United Utilities chemical investigation programme 2 and low
by Wendy Rostron & Dominic Holt
electic suction lift pumps - Courtesy of MMB
Water Framework Directive (WFD) all water environments in the UK
must meet ‘Good Chemical Status’ for a number of chemicals. The
chemicals cover a range of over 70 substances (often referred to
generically as priority substances) including metals,
pharmaceuticals, combustion products and regular sanitary
determinands (including phosphorus). The Environment Agency
instigated a national programme of works to investigate the
impact of wastewater discharges on the concentrations of these
chemicals in the receiving waters and the ability of
technologies to remove these chemicals from such discharges.
Each of the UK’s Water and Sewerage Companies (WaSCs) was
assigned a different set of process technologies to investigate
and as such the scope of the projects was very prescriptive. The
work will enable the water industry to ascertain what is
technically feasible at reasonable cost and allow the EA to set
future permit limits.
The programme is governed
by a national steering group and is managed by Atkins and UKWIR
on behalf of the EA. The information from all the studies will
be shared in order to maximise information and minimise
duplication of effort.
The programme of work
comprised many projects including the Chemical Investigation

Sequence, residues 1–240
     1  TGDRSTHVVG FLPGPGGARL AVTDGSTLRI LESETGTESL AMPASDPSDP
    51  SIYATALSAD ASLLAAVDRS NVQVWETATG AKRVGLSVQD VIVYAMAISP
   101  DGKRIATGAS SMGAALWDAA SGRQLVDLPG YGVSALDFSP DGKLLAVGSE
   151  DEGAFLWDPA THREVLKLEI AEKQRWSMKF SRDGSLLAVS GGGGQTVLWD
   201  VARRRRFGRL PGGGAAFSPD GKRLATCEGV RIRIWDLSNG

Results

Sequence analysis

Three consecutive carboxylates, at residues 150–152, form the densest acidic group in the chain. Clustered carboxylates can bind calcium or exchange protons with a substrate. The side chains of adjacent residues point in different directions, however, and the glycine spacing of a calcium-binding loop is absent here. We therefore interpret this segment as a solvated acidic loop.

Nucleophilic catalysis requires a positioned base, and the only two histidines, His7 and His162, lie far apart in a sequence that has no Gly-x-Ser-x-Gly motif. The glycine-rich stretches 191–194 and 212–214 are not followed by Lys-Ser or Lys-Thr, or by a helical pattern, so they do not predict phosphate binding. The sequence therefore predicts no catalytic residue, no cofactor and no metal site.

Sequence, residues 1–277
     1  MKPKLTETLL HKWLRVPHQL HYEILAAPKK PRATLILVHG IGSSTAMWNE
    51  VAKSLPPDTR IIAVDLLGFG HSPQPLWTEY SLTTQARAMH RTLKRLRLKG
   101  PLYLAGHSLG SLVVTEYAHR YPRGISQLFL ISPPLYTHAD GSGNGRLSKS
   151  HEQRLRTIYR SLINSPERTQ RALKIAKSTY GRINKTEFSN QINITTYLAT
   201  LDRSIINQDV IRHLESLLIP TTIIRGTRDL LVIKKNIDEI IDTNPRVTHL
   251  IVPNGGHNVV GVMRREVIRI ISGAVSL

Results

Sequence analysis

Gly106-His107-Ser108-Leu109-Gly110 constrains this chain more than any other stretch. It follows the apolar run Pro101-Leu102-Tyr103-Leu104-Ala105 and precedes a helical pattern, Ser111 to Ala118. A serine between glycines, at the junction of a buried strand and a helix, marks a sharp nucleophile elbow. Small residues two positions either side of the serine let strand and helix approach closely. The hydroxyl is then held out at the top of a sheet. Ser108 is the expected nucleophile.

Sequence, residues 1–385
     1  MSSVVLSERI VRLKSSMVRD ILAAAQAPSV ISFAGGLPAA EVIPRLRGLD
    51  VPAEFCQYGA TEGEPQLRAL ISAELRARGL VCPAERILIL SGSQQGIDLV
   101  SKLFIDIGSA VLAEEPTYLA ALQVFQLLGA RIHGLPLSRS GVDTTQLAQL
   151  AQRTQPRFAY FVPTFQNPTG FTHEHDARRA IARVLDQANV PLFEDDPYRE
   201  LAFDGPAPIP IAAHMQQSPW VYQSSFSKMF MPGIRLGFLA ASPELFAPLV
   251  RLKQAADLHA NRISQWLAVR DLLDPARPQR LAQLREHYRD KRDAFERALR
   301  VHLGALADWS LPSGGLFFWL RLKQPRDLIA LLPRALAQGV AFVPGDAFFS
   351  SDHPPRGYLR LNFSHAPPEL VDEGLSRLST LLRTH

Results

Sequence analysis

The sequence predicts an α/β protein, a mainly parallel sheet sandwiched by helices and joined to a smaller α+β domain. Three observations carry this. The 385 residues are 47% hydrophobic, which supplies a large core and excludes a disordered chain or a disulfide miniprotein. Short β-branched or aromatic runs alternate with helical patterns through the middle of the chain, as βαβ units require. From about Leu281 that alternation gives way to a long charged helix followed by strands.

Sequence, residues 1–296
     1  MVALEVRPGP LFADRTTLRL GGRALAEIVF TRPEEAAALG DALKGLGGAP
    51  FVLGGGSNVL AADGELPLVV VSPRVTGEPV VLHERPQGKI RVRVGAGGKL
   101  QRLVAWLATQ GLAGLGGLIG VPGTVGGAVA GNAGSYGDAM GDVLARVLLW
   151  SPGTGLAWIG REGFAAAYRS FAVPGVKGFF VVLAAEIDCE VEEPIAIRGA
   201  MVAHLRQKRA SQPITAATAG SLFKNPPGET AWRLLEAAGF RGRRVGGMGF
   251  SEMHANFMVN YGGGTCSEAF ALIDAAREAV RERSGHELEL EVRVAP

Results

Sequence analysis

Programme 2 (CIP2) which primarily focussed on the more complex
chemicals which are not commonly controlled under current
regulations. In addition, since 45% of the rivers in the UK fail
predicted WFD standards for phosphorus (P), this was given its
own programme known as P1 or low P.
Analysis of data has
shown that many wastewater treatment works will have to meet
very tight final effluent P concentrations and low P permits
will be enforced. Current P consents are generally between
1-2mg/l and the national trials set out to investigate the
belief that current methods of P removal (commonly ferric
dosing) could possibly be optimised to achieve a final effluent
standard of 0.5mg/l P but below this advanced/tertiary P removal
technology will be required.
GreenCAT pilot plant - Courtesy of MMB
United Utilities trials
As part of the national
programme United Utilities (UU) were required to complete the
following 12 month trials:
CIP2 process technology
pilot trial projects
‘BlueCAT’ (since renamed
‘GreenCAT’) priority substances (PS) removal trial.
process (AOP) PS removal trial using ozone and hydrogen
P1/low P pilot trial
Rapid gravity sand
filtration (RGF) dosing trial.
continuously operated upflow filters (COUF) for P removal.
Activated sludge plant
ferric dosing optimisation trial.
Mineral filter works
ferric dosing optimisation trial.
pilot plant - Courtesy of MMB
Scope of work definition
From MMB’s first
involvement it was clear that the approach to how the scheme
would be defined and implemented would be heavily influenced by
the required trial commencement dates, set nationally as part of
the wider programme.
In defining the detailed